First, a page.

This is an interview with Robert D. Smith. Robert is the author of 20,000 Days and Counting and a consultant to numerous best-selling authors, speakers, and entertainers. For over 30 years, he has managed the career of New York Times best-selling author and in-demand speaker Andy Andrews. He recently took the time to answer some questions about his debut book and the concept of getting the most you possibly can out of any 24-hour period. The book was released today, and you can learn more about it HERE.
Early on in 20,000 Days and Counting, you introduce the concept of measuring our lives by days instead of years. Can you explain how and why you started doing this?
I started several years ago when I put my birth date into a countdown clock widget on my computer just to see what would happen. It worked the way I thought it might—it showed how many days had passed since the day I was born. And I was astounded. The number was just under 20,000.
Seeing the sheer magnitude of the amount of days you have spent on this planet is truly powerful. It can be a game-changing experience for your perspective on the ways you spend your time.
As people, we almost always overestimate what we can do in the next year, but dramatically underestimate what we can in the next 24 hours. When you become aware of each day, it’s amazing what you can achieve. If this has gotten curious as to how many days you have been alive, I set up a simple calculator here that will show you.
So if we’re in the habit of underestimating what we can do in the next 24 hours, how do we start taking better advantage of the time available to us each and every day?
Something most of us struggle with is waiting for motivation to hit us. We’re waiting to start the next big project until an epiphany suddenly appears.
The reality, though, is that motivation is a myth. Everyone always says they need a little motivation to be more productive when it’s actually the opposite that’s true—increase your productivity, then the motivation will follow.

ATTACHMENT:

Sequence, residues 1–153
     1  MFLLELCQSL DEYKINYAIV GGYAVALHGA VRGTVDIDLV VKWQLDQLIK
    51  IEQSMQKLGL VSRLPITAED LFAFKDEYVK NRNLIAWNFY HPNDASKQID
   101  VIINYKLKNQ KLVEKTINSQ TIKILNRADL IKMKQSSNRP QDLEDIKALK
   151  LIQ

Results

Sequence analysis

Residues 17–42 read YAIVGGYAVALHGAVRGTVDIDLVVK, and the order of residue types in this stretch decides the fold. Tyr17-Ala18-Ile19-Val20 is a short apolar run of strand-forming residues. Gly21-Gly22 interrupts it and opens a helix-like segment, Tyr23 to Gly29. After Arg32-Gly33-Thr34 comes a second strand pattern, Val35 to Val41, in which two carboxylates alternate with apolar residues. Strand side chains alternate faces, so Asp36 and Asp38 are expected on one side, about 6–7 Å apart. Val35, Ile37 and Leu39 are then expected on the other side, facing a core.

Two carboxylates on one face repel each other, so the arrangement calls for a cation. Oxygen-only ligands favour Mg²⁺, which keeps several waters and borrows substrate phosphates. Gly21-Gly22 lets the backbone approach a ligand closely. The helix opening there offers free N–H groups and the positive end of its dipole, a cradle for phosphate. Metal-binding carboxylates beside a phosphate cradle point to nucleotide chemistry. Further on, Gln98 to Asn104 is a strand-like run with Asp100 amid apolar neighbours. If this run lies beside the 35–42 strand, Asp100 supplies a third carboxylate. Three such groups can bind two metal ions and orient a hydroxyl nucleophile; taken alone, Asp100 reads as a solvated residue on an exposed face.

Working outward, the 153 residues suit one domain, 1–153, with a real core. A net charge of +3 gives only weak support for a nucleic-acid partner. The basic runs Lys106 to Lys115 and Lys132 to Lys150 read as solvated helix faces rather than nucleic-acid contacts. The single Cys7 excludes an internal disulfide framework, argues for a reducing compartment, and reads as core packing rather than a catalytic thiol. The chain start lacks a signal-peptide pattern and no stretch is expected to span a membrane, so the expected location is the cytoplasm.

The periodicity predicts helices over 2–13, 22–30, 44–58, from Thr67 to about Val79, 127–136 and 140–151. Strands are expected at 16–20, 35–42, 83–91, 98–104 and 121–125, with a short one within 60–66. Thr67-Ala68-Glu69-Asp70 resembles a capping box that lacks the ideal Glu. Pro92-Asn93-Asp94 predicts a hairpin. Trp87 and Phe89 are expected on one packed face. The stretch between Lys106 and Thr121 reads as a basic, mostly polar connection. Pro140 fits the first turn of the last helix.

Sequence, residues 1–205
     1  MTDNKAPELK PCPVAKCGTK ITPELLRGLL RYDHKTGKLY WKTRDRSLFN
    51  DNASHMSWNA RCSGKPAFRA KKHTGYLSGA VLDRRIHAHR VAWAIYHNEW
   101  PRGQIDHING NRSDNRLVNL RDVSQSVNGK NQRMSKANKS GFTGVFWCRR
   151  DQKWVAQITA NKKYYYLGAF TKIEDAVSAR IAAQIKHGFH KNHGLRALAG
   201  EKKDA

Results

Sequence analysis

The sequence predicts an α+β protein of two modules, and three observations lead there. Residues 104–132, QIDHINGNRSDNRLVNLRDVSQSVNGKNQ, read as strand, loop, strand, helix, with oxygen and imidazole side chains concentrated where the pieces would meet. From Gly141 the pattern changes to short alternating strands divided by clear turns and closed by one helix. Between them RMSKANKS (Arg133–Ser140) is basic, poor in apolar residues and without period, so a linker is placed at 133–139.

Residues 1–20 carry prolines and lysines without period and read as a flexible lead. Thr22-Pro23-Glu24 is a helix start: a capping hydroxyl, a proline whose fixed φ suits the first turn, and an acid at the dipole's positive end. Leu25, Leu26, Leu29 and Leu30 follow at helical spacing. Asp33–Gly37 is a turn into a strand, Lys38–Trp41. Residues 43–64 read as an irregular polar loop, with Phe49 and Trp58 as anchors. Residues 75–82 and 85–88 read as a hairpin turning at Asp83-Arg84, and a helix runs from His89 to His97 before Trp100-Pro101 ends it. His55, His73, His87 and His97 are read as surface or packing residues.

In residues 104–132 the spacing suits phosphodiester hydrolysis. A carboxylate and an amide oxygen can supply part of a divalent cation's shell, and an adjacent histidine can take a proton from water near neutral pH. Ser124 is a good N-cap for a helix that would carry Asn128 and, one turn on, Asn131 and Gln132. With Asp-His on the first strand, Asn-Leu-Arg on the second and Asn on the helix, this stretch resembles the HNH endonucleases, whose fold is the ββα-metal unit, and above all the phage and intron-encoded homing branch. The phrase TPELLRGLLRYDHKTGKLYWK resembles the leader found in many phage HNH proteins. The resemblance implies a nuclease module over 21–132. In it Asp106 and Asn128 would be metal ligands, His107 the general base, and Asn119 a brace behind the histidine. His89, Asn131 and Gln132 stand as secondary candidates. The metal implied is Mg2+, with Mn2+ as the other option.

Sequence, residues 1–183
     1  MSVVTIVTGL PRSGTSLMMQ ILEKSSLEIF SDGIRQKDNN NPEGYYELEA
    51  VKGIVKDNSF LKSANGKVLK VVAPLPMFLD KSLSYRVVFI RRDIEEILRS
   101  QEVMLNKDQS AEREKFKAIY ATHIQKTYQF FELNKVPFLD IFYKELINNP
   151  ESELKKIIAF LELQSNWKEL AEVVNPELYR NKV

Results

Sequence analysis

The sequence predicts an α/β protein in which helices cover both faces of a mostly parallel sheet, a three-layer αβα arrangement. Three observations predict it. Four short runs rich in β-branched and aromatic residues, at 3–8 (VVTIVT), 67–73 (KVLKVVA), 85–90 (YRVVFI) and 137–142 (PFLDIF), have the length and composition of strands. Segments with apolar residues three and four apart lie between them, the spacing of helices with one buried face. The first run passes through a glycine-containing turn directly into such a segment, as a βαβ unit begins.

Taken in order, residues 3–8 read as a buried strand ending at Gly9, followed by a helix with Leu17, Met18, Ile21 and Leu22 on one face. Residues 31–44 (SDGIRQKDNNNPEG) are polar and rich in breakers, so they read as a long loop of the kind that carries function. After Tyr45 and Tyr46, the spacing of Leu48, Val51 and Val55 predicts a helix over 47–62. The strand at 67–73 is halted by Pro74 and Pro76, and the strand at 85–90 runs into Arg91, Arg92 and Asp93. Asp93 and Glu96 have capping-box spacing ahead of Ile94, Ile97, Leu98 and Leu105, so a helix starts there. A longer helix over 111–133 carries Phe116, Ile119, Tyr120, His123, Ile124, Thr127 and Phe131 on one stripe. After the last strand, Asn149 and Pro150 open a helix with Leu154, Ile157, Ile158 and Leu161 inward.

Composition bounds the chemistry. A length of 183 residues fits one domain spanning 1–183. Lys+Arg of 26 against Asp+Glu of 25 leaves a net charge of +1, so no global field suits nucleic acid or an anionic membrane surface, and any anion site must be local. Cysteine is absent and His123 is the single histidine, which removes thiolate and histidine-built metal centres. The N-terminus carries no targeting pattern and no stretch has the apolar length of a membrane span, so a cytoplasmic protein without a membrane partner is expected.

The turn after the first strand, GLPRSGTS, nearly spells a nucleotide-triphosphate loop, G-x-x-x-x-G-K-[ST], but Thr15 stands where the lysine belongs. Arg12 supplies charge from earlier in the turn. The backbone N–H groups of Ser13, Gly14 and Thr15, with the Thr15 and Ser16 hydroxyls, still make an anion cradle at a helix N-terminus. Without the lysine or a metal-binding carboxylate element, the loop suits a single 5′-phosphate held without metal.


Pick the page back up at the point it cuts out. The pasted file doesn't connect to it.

So how can we start working without any motivation?
Ah, see starting is the hard part. My secret for getting started is focusing on the results. I always think back to a high school teacher of mine who would always say that simply starting a research paper meant you were half finished. You can be halfway to the finish line…just by starting! I love that concept!
I always feel more excited, more pumped up, more motivated after the work has begun. Once you get past that initial nervousness and hesitation of actually starting, you can really get going.
There was a major figure in psychology, William James, who had this same sort of idea as well. He believed that we don’t sing because we’re happy; we’re happy because we sing.
What made you want to base your book, 20,000 Days and Counting, around this concept of counting your days and making the most of each one?
The whole thing started like I mentioned earlier, when I found the countdown widget that told me how many days I had been alive. I wrote an e-mail about the concept of counting my days to over 40 of my closest friends. To my astonishment, every single one of them wrote a lengthy reply full of amazing insights.
About two years later, I began writing out some of these concepts in more detail and was encouraged by some friends to publish a book. Despite my best efforts to say no (I’ve been a behind-the-scenes guy my whole life), I eventually caved.
You talk a lot about living each day as if it’s your last in the book. How do we overcome what has kind of become a cliché and actually apply that to our lives?
Living each day as if it’s your last is a concept that is thought of in the wrong way 99% of the time. Most of us here that phrase and start thinking about all the “bucket list” things we would try to cram into one day. But it’s not about the specific actions you would take; it’s about having a specific mindset that creates a sense of urgency and importance in you every hour, every day.
We have a tremendous ability as human beings to only get serious about life once we know it’s about to end. What “living each day as if it’s your last” is really about is creating that sort of intense urgency well before you near the end of your life.
To create that, you need three things—a sense of your purpose, a sense of awareness that your life will be short, and a sense of gratefulness for the life you have been given. And I aimed to give people those three things with 20,000 Days and Counting.
Thanks for sharing Robert!
To help launch the new book, I’m giving away 4 autographed copies of 20,000 Days and Counting.
Want a copy? All you have to do is:
1. Share this post on Twitter or Facebook
2. Comment on this post. Any comment will suffice, but you might share one thing you have an “urgent sense” about in your life right now. It can be anything. A change. A dream. A relationship. Anything.
3. Make sure I have a valid email address.
I’ll give it a few days, see how the comments are going, and choose four (4) random winners.